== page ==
Duplicity is the 2009 film written and directed by Tony Gilroy. It stars Clive Owen and Julia Roberts as two former intelligence agents who decide to go into the private sector and become corporate spies. As the title implies, the movie is all about people not trusting one another and scheming with each other. The narrative is a marriage of a rom-com and spy thriller. Although there are definitely likable moments it never feels like the movie hits a stride in either genre.
The way the story is told it always leaves you feeling like you are playing catch up. I got the feeling that this is done on purpose in order to put the audience on edge just as the characters on screen are always on edge trying to figure things out. We start off with a short scene that took place five years ago and then jump to a credit scene that only makes sense once you're introduced to the characters a little later in the film. We then land in present day New York City. As the events unfold in the present we keep taking breaks to jump back in time to events that happened in the five year gap. It then all comes together in a very clever finale.
The general thrust of the tale is the relationship between Ray Koval and Claire Stenwick played by Clive Owen and Julia Roberts respectively. They are attracted to one another but because of their occupation have a hard time trusting each other. Unfortunately, I found myself less invested in them then I wanted to be for the first two-thirds of the film. This may have been due to the timeline jumping around and a general lack of back story. Regardless, it was hard for me to feel much of a connection at first.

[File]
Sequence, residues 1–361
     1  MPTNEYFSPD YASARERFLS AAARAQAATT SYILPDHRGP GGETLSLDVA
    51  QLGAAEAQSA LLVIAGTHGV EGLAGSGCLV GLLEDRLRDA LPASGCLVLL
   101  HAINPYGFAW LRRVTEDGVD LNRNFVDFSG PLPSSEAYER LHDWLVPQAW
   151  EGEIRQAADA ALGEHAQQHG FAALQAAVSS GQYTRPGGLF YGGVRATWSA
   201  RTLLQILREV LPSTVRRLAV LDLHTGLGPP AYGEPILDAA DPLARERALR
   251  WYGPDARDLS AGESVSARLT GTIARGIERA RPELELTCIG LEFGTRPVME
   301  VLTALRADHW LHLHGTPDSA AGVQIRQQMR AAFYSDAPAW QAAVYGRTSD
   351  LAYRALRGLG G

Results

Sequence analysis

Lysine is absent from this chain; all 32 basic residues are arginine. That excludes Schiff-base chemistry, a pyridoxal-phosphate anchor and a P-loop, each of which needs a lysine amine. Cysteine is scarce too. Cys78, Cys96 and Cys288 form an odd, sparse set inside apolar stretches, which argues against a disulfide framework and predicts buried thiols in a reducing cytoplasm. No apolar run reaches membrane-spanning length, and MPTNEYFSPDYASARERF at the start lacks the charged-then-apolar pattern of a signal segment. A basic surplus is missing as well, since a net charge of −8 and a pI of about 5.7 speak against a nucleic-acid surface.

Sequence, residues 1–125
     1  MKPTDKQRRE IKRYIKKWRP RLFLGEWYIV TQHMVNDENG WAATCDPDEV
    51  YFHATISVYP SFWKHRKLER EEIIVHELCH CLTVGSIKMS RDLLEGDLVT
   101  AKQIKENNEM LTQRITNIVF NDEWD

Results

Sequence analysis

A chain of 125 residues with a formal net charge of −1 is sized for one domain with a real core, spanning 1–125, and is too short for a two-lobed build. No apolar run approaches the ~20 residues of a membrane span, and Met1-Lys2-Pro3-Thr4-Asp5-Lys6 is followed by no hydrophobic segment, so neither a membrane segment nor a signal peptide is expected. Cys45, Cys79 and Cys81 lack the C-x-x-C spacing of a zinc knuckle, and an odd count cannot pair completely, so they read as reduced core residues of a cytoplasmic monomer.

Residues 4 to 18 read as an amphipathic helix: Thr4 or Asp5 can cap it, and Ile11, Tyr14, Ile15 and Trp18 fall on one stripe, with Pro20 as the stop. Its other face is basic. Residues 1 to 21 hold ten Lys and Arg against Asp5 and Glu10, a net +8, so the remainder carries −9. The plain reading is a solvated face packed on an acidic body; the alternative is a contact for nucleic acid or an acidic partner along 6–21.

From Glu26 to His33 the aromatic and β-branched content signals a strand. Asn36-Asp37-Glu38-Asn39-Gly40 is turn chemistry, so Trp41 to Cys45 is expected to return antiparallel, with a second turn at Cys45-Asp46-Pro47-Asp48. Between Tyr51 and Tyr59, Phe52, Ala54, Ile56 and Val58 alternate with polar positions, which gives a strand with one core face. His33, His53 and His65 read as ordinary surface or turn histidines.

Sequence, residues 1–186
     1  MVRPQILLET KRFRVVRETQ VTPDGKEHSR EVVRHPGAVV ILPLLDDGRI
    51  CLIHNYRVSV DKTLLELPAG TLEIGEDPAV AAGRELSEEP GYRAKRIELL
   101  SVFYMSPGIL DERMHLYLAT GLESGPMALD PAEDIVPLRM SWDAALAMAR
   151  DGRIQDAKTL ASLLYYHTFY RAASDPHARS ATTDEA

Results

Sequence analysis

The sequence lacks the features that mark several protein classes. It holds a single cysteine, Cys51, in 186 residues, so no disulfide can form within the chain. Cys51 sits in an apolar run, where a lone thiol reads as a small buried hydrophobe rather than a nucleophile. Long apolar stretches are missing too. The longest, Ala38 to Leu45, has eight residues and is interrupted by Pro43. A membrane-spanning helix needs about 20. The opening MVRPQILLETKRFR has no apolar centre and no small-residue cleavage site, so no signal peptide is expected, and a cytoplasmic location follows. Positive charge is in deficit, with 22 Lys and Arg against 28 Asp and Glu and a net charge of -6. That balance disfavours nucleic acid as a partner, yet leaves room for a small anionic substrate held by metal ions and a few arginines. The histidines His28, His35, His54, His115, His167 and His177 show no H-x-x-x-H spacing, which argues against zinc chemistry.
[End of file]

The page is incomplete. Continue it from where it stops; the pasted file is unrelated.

For the spy movie side of the film there are two competing companies steeped in corporate rivalry and deceit. One of which is about to announce a top-secret breakthrough in their product line that the other one is desperate to steal. This was wrapped up in a rather smart and unexpected way. Twist and turns as well as double crosses abound throughout the plot to keep things interesting.
The final twenty minutes or so of this feature felt the strongest. But you had to kind of work a little to get there. As the credits rolled I felt rather satisfied but it wasn’t a ride I just had to go on again. This may have been due to the confusion at the beginning and the fact that the main characters weren’t compelling enough for most of the flick. However, fans of spy films may appreciate a look into the corporate espionage world and rom-com lovers looking for a twist on the old formula might find this a nice experiment.
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